David is the best character in the story because he has a steady but powerful character arc that drives the plot. Tiana is also an above average character because she is a non-typical female lead and adds humor and life to a slow-to-develop story. Zachary is a good start, but not quite there. He has a developed personality and his character is consistent, but left unfinished. The other longevites drop abruptly into the story and are also left unfinished. These facts earn Stevens an average score in this section. We here at BOR believe that these character and plot errors could have been remedied through breaking up the vast amount of plot content into a series. For example, this could be a three to five book series that contains a book for each longevite. In this way, the reader would come full circle in knowing each of the characters equally, and the publisher would likely see greater revenue as a result. This idea may still be in the cards for this author, but if it is not, this book could be made into a TV series that applied the suggestions listed above.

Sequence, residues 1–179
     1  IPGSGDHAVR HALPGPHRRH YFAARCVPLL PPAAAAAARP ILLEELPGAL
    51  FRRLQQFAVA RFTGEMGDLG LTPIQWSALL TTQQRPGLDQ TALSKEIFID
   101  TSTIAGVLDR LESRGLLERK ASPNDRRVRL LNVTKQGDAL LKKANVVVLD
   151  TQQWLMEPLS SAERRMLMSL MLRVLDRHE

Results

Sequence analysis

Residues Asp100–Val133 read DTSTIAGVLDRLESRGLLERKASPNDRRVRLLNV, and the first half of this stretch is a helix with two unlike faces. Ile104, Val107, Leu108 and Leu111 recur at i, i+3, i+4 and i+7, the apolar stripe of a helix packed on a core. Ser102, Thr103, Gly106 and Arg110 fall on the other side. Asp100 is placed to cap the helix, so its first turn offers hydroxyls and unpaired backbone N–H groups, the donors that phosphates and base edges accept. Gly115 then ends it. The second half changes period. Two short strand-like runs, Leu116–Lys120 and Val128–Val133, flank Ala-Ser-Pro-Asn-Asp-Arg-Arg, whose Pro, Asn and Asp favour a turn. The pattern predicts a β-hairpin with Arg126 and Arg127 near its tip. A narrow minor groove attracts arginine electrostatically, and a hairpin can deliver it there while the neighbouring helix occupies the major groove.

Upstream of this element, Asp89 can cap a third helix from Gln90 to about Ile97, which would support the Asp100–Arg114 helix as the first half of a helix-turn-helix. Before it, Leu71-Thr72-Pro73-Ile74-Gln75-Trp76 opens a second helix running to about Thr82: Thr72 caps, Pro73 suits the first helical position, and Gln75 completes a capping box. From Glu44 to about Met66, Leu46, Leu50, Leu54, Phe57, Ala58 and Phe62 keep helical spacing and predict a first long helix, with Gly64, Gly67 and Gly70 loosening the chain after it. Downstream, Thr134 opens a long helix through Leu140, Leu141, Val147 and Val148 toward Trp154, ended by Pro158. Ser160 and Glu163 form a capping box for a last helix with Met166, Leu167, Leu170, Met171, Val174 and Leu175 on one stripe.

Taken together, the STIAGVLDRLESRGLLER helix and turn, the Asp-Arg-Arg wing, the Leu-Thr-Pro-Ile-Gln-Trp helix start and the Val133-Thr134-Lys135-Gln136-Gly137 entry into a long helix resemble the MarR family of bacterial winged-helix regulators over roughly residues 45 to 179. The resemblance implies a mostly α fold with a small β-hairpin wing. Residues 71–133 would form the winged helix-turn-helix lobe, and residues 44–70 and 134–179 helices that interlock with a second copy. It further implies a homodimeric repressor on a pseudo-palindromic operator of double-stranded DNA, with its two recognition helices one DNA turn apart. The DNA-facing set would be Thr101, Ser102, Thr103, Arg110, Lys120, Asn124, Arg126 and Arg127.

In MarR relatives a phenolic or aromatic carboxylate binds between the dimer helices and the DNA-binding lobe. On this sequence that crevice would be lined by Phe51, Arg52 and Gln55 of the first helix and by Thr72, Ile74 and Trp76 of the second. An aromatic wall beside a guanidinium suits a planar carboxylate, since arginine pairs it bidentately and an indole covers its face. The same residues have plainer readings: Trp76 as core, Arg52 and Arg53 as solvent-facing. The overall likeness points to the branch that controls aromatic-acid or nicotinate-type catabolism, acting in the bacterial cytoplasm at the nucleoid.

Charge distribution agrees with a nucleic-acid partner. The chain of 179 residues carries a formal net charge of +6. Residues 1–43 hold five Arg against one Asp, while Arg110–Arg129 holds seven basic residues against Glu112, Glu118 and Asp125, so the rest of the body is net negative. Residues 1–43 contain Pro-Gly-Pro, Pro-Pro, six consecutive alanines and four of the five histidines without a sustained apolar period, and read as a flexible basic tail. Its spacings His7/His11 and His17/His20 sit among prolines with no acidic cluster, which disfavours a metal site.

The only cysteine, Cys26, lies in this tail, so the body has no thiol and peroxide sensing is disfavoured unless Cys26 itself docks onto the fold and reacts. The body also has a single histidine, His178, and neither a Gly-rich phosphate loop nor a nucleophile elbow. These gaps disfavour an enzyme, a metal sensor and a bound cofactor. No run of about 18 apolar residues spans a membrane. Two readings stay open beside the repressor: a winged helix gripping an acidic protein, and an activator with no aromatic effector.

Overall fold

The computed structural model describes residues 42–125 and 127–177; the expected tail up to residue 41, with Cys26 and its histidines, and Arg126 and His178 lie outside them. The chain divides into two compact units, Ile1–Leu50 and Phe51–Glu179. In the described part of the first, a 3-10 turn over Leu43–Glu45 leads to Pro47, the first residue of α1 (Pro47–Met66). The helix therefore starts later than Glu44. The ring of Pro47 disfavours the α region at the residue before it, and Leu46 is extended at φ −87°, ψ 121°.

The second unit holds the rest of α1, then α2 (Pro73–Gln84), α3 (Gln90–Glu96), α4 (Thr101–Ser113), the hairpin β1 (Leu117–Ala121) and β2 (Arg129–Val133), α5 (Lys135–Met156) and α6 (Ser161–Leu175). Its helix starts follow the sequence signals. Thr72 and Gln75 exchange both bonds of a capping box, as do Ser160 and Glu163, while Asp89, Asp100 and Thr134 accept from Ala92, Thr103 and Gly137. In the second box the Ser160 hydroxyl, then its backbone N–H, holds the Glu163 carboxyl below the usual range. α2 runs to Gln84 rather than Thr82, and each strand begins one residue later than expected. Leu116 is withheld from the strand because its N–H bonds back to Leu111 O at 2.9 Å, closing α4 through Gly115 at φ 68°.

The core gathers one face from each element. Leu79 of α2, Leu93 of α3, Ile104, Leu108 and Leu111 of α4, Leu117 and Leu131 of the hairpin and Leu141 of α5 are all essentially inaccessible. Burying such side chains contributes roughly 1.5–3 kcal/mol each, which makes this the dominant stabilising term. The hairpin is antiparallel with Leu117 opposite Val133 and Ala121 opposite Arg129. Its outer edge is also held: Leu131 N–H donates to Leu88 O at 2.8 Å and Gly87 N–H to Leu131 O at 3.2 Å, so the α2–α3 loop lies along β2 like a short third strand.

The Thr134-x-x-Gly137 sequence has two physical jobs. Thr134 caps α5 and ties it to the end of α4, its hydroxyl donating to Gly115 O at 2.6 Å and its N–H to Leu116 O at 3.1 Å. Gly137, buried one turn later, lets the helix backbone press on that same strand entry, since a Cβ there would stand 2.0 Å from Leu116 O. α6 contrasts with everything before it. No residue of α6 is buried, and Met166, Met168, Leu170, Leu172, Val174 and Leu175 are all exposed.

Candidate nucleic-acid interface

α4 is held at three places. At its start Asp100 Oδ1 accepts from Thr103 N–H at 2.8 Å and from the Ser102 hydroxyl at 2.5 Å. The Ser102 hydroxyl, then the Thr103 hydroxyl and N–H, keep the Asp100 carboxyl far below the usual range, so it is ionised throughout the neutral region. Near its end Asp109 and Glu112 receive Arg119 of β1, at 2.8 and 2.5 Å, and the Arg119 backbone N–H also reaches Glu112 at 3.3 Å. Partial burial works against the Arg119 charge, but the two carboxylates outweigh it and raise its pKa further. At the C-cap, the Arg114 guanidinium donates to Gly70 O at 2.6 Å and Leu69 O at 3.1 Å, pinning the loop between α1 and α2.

Creativity & Originality (1 point)

Finally, Stevens earns half a point in creativity and half a point in originality for crafting a book that contains fresh plot ideas and a well-constructed conclusion. This author’s strength is that she is not afraid to ask and answer the hard questions in life. Additionally, Stevens is obviously committed to changing the world of Christian fiction by daring to be different. I commend this author for her big ideas, and believe that she shows much promise for the future – with a little guidance, she could create an entirely new genre. This is why we believe that a Christian filmmaker should work with Stevens to bring this novel to the big screen in the form of a TV series that has a season or several episodes for each character. To conclude, well done Ms. Stevens, I believe that you are capable of more than you think.:)

Wish List Rating: 5 out of 10 points

Why the Erwin Brothers Should Make a Mark of the Lion TV Series

Image result for the mark of the lion series